In Engel v. Vitale, 370 U.S. 421 (1962), the Supreme Court ruled that school-sponsored prayer in public schools violated the establishment clause of the First Amendment. The case involved a 22-word nondenominational prayer recommended to school districts by the New York Board of Regents: “Almighty God, we acknowledge our dependence upon Thee, and we beg Thy blessings upon us, our parents, our teachers and our Country.”
Parents said officially sponsored school prayer violated the First Amendmnet
The Union Free School District in New Hyde Park, N.Y., adopted the recommendation and instituted a practice whereby teachers led students in the prayer every morning. The practice was voluntary, and students could be excused without punishment upon written request from their parents.
Steven Engel and several other parents challenged the officially sponsored prayer as a violation of the First Amendment. Engel, a Jewish man, believed that the state should not impose a one-size-fits-all prayer upon children of many different faiths or no faith. The plaintiffs lost before the Supreme Court of New York in 1959, the Appellate Division of the Supreme Court of New York in 1960, and the Court of Appeals of New York in 1961, none of which viewed the prayer practice as the establishment of an official religion.
Supreme Court struck down the prayer
Writing for the majority, Justice Hugo L. Black focused on the history of religious discrimination and intolerance in England and the early Colonial days of the United States. This history, according to Black, showed that by the time of the adoption of the U.S. Constitution Americans had a “widespread awareness . . . of the dangers of a union of Church and State.”
Black did not cite a single U.S. Supreme Court case in the text of his majority opinion, although he cited Everson v. Board of Education (1947) in a footnote. Instead, he cited a variety of secondary sources on the history and struggle for religious liberty. According to Black, “the First Amendment was added to the Constitution to stand as a guarantee that neither the power nor the prestige of the Federal Government would be used to control, support or influence the kinds of prayer the American people can say.”
Black concluded that “government in this country should stay out of the business of writing or sanctioning official prayers and leave that purely religious function to the people.”
Justice William O. Douglas wrote a concurring opinion, contending that “once government finances a religious exercise it inserts a divisive influence into our communities.”
Justice Potter Stewart wrote the lone dissent. He argued that the majority “misapplied a great constitutional principle” and denied public schoolchildren “the opportunity of sharing in the spiritual heritage of our Nation.” He noted that history and tradition showed many religious influences and elements in society, such as “In God We Trust” on the nation’s money, opening sessions of the Supreme Court with “God Save This Honorable Court,” the opening prayers in Congress, and the many acknowledgments of God by various presidents in public speeches.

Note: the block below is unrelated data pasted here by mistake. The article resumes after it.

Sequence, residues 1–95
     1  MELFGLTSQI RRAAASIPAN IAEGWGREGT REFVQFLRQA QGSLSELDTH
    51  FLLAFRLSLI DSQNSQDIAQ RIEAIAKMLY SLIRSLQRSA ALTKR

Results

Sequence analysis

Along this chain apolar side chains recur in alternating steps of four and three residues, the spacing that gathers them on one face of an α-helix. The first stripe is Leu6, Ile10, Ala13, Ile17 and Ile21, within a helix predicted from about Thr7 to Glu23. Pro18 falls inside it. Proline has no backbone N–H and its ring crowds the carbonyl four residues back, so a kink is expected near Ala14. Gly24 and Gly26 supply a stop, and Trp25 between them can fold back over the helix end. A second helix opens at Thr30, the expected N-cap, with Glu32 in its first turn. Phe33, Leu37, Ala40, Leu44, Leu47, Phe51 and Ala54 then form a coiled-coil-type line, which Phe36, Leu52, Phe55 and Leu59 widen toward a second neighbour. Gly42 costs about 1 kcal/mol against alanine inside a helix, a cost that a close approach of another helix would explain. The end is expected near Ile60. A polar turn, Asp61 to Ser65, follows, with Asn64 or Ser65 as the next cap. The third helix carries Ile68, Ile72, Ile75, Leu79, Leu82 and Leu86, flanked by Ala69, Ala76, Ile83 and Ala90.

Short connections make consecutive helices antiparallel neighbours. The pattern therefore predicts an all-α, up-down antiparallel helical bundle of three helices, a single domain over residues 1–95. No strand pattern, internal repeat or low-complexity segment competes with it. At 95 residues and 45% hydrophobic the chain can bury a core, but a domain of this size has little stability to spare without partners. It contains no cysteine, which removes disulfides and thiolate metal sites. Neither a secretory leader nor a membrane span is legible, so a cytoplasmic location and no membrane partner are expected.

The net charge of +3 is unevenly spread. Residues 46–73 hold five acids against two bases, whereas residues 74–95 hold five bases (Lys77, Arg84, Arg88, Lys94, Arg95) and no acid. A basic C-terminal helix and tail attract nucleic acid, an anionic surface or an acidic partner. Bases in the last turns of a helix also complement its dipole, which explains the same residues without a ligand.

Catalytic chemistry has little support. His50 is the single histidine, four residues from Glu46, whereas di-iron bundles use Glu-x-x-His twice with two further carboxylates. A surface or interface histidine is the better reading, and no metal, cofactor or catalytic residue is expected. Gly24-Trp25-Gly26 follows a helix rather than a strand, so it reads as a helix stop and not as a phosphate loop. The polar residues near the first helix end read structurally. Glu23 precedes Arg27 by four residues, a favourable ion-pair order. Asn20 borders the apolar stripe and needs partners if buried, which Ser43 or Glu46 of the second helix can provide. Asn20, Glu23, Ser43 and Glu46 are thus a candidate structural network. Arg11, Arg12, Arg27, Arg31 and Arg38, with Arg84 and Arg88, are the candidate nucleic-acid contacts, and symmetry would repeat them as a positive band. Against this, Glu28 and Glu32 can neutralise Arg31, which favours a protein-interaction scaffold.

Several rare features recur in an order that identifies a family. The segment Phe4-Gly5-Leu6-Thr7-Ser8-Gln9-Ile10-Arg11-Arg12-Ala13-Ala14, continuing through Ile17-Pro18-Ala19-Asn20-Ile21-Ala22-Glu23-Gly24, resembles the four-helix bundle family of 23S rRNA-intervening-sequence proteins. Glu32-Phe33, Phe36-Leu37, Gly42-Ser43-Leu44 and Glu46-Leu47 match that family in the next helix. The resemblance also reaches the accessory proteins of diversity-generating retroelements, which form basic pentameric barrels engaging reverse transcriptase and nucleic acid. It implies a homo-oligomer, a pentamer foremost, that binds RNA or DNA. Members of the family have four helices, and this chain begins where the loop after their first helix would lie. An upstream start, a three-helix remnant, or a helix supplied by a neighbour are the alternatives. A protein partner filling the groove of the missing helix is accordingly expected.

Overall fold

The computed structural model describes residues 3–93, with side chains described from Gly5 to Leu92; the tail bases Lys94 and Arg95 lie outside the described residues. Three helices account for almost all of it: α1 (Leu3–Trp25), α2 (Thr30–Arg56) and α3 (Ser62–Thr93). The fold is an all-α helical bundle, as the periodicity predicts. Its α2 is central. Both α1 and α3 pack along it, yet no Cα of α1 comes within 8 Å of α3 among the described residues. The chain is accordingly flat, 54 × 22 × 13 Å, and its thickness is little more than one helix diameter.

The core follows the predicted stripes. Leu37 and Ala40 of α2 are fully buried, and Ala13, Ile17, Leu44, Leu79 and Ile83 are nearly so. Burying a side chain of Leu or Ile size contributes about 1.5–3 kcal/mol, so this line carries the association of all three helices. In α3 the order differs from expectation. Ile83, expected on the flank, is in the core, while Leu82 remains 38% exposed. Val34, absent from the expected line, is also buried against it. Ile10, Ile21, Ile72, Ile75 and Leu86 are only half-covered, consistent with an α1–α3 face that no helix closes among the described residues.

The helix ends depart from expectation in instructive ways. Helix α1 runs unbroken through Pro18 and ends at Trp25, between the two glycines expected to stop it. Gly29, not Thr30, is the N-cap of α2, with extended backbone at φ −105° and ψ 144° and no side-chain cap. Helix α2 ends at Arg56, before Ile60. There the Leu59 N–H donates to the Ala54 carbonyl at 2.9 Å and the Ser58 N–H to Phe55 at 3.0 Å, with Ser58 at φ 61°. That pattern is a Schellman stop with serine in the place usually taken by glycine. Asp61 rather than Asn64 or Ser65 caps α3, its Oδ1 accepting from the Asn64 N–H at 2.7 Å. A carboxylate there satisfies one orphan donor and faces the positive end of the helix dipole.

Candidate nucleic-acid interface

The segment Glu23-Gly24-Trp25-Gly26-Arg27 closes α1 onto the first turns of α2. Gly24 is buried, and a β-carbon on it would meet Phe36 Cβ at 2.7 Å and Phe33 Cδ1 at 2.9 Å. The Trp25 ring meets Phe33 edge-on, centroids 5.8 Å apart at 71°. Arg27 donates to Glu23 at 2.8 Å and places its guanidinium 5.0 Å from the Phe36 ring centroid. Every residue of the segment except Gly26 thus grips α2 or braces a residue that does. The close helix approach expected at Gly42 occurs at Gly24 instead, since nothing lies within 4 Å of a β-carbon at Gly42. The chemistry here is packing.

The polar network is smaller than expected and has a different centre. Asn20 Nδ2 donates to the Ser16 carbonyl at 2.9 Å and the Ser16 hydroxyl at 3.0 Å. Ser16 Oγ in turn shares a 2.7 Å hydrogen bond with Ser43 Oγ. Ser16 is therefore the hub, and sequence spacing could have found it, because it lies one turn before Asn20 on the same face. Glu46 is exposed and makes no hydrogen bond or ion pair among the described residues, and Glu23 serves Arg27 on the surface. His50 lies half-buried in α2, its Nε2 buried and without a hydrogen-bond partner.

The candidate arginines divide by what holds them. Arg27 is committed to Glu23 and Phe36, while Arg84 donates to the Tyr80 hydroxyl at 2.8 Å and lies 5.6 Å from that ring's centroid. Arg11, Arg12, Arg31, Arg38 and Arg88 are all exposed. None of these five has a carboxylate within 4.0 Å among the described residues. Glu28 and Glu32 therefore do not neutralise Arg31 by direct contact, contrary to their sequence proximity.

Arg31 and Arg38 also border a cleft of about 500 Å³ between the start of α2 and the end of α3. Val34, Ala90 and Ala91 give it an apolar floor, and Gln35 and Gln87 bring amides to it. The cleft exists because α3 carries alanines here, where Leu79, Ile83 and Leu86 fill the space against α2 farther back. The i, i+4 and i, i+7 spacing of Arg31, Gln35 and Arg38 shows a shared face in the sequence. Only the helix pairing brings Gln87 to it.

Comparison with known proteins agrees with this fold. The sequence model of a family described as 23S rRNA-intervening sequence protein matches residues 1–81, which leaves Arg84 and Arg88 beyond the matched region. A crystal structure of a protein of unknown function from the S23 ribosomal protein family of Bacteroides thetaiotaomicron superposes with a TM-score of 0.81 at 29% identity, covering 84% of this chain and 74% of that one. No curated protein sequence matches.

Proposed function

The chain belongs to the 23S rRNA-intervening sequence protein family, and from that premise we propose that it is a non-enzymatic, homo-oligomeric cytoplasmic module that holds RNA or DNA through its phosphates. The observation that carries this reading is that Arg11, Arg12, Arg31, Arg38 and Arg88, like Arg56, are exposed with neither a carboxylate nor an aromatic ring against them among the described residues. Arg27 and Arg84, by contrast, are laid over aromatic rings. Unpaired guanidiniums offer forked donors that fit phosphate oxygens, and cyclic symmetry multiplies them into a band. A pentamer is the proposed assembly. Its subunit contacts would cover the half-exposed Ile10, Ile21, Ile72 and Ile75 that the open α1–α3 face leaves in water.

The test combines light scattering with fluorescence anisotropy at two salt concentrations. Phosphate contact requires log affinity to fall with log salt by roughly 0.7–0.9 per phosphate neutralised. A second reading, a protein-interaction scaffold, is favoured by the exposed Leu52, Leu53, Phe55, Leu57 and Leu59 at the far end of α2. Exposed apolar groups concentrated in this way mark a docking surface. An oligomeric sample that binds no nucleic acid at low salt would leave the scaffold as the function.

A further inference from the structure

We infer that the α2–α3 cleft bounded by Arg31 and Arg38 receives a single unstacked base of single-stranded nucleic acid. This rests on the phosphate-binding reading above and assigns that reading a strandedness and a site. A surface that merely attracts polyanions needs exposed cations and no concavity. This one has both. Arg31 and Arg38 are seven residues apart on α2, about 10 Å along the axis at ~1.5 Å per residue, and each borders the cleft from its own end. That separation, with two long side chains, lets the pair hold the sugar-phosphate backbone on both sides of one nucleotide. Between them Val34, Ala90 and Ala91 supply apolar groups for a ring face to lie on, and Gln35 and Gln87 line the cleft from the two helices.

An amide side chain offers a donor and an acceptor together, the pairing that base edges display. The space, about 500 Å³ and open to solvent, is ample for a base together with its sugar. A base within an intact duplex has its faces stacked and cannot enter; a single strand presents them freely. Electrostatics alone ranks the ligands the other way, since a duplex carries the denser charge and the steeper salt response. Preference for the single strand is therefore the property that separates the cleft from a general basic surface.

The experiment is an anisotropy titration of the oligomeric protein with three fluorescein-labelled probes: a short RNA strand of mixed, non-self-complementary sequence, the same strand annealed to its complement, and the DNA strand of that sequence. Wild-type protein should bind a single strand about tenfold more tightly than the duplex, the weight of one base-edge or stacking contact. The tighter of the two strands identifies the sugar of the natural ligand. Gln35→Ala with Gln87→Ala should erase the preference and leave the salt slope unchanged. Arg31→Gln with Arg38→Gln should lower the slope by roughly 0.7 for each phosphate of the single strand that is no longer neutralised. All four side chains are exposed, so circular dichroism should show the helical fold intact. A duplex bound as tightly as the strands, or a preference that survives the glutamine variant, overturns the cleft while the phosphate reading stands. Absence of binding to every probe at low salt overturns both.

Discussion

Decision caused public outrage and criticism
The decision caused outrage among many and harsh criticism of the Warren Court. Engel said that he and his family members suffered obscene phone calls, taunts, and community ostracism.
The decision led the Court to strike down similar school-sponsored prayers in the consolidated cases of Abington School District v. Schempp and Murray v. Curlett (1963).
Principles of Engel have been extended to other cases
The principles of Engel have been extended by Court decisions invalidating an Alabama law requiring a moment of silence that appeared to have been rewritten specifically to encourage school prayer in Wallace v. Jaffree (1985), a middle school graduation school prayer in Lee v. Weisman (1992), and prayer at high school football games in Santa Fe Independent School District v. Doe (2000).
David L. Hudson, Jr. is a law professor at Belmont who publishes widely on First Amendment topics. He is the author of a 12-lecture audio course on the First Amendment entitled Freedom of Speech: Understanding the First Amendment (Now You Know Media, 2018). He also is the author of many First Amendment books, including The First Amendment: Freedom of Speech (Thomson Reuters, 2012) and Freedom of Speech: Documents Decoded (ABC-CLIO, 2017). This article was originally published in 2009.Send Feedback on this article